As always, it is not much of a description of a race course, or even the race itself. I suck at those. I process everything in life through emotions and visceral feelings. Take it for what it is.

Ben Holmes and his Trail Nerds do a great job putting on races. I am so glad I was able to fit it into my calendar and come run one of those, and to spread the word, and to bring some Texans. I got some serious swag, and even though usually I turn it down (I don't collect things) - this was beautiful, and it was easy to see in my house somewhere, minimal that it is.
Belt buckle was given too.

 Brenda had a grand time at the marathon, and Justin, unfortunately, had to drop due to injury (so much for "show off"). We drove back to Kansas City and Larry was able to book us (on a fully booked weekend for a bunch of events happening) at Hyatt, and were actually got a 20% discount (I walk in and yell "I am the King...no, really, I am, and I just won a 100k trail race!") on a perfect room. We ate at a perfect Ruby Tuesday across the street, took a perfect bath, and slept in perfect bed. And just like that, the weekend of a dream was over...

Not surprisingly, my chronically injured knee is stiff and hurting, and my streak of running every day was supported by a stiff shuffle. I, of course, am quite drained off energy, and my body not only retains a bunch of water (normal post-race), but bloated due to ice cream and some other nicks and knacks I consumed -  and no, I do not feel guilty, even if feel ill. I'll get it back in order. After all, this weekend deserved the spoil.

The events in life haven't changed just because I had a perfect weekend with a weirdly-perfect race. But, you know...

"I am a distance runner. I've been trained to keep going, even when it's hard. When it hurts. When it sucks. When I don't want to. I look past it. Relentless forward motion to the finish. Call it what you want: stubbornness, determination, guts. Deep down, I don't know how to give up"...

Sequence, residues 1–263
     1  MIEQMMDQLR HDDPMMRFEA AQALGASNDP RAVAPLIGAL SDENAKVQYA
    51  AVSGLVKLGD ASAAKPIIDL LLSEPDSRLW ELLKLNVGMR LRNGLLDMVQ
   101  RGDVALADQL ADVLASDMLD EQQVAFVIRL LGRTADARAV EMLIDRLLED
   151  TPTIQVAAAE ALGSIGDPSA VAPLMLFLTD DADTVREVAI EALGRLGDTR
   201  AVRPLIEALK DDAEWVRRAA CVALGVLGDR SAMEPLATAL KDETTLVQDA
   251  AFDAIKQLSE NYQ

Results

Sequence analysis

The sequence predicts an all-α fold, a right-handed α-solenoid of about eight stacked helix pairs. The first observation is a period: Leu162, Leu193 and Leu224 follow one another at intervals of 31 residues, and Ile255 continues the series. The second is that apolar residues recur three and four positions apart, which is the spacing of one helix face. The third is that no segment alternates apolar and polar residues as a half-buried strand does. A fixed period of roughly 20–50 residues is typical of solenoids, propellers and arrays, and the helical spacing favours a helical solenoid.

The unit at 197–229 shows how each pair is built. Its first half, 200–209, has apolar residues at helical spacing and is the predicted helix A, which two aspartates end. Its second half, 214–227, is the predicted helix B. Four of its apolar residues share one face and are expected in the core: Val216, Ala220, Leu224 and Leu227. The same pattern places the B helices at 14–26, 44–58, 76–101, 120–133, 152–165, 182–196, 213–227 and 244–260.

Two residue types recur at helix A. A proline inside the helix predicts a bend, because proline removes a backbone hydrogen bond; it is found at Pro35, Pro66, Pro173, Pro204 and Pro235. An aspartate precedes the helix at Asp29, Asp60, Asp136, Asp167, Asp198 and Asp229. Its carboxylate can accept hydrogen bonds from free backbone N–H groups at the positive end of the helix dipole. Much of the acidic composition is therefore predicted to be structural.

Race website, race photos, more photos and my album (includes photos from previous links). Results should be here.


  1. Way to go, Olga! Sounds like a tough but wonderful race for you. Loved the race report! :)

  2. I wish I could have been there to play tour guide. I should do a race there one of these days. Congratulations on a pefect race.

  3. You can take that first sentence, "I am a distance runner.", and change it to, "I am Olga.". That describes who YOU are as a person and has nothing to do with running, but about who you are as an individual. :)

  4. How fantastic - and inspiring! The whole way ultras are like life (and marathons and long runs too) - you plan, you try, stuff happens, how do you deal? - are so appealing to me right now. As is your glee at the finish - congratulations! And I'm saving your wonderful quote. Best to you!

  5. Brilliant stuff, well done. Very inspiring, as always!

  6. Come back to Kansas anytime and bring more of those Texans.

  7. Come on back to Kansas anytime and bring more of them Texans.

  8. Kelley Lightfoot23/4/13 14:02

    Congratulations Olga! It sounds like an amazing experience.The photos are great! Thanks for sharing the memories.

  9. Congrats on another great race, Olga!

  10. Nice win! I love the "tree branch" tunnel!

  11. Nice win! I love the "tree branch" tunnel photo!

  12. Excellent! I'm glad you had a great trip and congrats on your win. Life is for living! Thanks for showing us how.

  13. Thanks for sharing!

    "I am a distance runner." I won't give up. I am trained! Twelve weeks of rehab for my fractured hip sucks and hurts but I will get past it. Relentless forward motion to the finish.

    Because I have felt the same smile on my face at that finish line that I've seen on Olga's!!

  14. I am glad I was not the only won that tripped a few times. Great race report and way to go on the win.

  15. Olga, that is so great! Congratulations! As always, you hang tough and it pays off! Great report!